In October 2018, the India Ministry of Defense concluded a $5.5 billion deal to buy four regiments of the Russian S-400 surface-to-air missiles (SAM). Just over a year later, India made an advance payment of $850 million to expedite the deployment from Russia of the first regiment by September 2021.
However, many countries do not fully appreciate that effective air defense requires a networked system and not just one missile system component. To get the true defensive value out of the S-400, there are additional components that add costs and complexities to the system.
To support U.S. government foreign assistance training for nations on how to comply with U.S. and U.N. sanctions, the RAND Corporation has assembled an open source database of Russia arms sales around the world. One of the findings from the material contained in this database is that many countries with scarce national resources purchase weapons systems without fully appreciating the other equipment elements required to make the systems effective. Additionally, they do not adequately account for the full lifecycle costs of all the pieces of equipment needed; lifecycle costs typically exceed the original purchase costs in about seven years.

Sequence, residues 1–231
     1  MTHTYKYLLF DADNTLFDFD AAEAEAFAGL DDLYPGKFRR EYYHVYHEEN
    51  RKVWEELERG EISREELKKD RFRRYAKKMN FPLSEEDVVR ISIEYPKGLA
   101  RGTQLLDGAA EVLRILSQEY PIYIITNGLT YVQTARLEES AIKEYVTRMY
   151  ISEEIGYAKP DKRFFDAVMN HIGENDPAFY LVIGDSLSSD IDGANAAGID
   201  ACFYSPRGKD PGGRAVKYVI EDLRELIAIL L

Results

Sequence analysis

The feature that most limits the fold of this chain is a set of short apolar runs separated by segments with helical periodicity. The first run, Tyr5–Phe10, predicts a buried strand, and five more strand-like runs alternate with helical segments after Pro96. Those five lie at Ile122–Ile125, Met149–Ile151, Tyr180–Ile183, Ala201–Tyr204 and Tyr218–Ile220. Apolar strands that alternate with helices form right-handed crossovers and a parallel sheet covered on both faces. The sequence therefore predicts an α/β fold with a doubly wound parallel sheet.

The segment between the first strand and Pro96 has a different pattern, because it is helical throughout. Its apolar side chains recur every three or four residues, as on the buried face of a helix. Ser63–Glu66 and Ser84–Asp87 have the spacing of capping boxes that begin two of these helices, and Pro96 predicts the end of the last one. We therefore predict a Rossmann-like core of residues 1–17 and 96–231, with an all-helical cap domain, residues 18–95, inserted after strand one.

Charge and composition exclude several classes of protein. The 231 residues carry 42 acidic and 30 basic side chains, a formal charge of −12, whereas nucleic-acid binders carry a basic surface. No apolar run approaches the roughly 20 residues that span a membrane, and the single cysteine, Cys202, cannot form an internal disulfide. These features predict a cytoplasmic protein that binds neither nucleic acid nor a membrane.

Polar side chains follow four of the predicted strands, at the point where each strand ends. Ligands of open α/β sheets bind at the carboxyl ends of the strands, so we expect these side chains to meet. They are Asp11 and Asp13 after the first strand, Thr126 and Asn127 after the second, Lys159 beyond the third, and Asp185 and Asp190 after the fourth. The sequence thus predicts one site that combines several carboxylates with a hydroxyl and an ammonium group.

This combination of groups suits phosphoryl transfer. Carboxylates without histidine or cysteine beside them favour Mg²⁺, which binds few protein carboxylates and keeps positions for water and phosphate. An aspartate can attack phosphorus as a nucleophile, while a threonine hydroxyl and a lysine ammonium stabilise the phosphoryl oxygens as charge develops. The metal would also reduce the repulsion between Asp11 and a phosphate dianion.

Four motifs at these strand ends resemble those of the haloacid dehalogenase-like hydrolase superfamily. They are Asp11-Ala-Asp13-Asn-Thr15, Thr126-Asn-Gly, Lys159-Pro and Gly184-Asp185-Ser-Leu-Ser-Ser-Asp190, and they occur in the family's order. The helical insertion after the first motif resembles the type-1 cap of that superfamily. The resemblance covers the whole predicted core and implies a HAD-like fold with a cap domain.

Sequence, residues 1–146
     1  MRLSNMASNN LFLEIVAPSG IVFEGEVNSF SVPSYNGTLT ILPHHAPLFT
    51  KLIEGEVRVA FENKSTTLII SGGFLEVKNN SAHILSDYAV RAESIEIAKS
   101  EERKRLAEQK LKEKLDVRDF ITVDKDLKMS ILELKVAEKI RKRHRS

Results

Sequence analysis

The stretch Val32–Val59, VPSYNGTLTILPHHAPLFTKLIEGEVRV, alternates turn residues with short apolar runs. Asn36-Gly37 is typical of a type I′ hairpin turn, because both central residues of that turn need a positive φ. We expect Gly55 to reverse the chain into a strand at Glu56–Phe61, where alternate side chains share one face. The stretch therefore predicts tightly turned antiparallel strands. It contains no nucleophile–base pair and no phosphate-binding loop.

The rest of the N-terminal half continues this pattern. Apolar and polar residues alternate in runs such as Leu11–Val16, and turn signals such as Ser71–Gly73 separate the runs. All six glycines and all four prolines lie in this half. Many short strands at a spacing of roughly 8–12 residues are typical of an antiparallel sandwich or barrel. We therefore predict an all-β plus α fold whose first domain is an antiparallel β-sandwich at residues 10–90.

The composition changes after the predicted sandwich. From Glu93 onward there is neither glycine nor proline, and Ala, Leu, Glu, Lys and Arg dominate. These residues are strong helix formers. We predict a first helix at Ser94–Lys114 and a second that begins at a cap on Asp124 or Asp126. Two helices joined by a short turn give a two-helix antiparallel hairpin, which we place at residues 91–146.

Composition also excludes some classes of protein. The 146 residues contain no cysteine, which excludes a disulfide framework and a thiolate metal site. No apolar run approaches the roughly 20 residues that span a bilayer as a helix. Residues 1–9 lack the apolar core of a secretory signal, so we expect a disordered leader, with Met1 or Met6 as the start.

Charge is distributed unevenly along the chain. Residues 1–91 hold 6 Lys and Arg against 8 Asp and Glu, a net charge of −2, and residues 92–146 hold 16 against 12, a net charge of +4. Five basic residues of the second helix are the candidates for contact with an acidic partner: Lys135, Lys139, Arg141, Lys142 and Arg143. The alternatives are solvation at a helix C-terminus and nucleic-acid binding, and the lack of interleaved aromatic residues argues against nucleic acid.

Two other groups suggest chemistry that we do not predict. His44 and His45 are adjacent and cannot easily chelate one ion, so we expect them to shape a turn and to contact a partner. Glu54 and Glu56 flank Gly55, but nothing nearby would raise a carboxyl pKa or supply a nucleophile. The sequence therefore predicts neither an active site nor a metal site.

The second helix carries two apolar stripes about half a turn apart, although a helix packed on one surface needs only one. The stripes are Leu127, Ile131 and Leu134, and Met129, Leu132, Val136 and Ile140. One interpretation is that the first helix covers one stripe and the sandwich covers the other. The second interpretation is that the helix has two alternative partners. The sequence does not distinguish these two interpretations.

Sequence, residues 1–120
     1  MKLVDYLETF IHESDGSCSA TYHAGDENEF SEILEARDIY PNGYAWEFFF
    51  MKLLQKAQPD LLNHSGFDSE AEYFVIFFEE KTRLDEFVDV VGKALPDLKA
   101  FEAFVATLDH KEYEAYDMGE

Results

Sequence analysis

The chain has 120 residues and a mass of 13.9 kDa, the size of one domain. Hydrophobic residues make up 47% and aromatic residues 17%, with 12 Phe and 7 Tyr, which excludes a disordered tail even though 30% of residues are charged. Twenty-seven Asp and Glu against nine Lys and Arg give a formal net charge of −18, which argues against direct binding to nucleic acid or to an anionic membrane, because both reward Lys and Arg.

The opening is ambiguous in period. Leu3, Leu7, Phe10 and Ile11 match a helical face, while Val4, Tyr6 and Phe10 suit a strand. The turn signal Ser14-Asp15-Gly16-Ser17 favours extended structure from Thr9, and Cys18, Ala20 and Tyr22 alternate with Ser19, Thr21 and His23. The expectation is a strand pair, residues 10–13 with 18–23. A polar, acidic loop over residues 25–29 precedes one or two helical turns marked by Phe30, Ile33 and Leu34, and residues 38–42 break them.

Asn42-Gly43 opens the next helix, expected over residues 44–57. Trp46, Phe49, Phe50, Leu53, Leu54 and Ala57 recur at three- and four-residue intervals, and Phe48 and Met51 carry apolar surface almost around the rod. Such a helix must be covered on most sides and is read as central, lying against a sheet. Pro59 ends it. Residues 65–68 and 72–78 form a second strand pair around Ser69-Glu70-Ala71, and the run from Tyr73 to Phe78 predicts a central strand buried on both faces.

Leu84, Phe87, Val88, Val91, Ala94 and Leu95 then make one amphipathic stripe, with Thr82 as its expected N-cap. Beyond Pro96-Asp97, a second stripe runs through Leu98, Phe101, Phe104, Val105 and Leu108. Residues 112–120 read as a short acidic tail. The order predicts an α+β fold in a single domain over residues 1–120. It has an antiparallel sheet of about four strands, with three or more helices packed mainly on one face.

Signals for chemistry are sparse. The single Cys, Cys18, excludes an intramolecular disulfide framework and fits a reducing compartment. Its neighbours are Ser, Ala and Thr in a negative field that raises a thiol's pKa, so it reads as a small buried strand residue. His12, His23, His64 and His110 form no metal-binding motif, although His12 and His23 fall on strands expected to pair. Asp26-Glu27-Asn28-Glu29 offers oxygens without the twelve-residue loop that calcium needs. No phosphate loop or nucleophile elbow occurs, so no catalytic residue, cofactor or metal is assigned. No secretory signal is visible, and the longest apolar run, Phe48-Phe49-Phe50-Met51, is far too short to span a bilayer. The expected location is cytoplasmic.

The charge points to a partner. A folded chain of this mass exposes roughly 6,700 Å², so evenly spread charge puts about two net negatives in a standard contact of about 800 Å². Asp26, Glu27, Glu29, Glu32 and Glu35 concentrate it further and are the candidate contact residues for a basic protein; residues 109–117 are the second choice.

The Indian Armed Forces, like other national militaries seeking to boost their air defense capabilities, must sort through tremendous financial and technical challenges. India faces a diverse set of ballistic missile threats from its neighbors and no single system can solve this complex challenge.
Even the S-400, a very high-performance high-altitude missile aerospace defense system (HIMADS), has important limitations. (end of excerpt)
Click here for the full story, on the Rand Corp. website.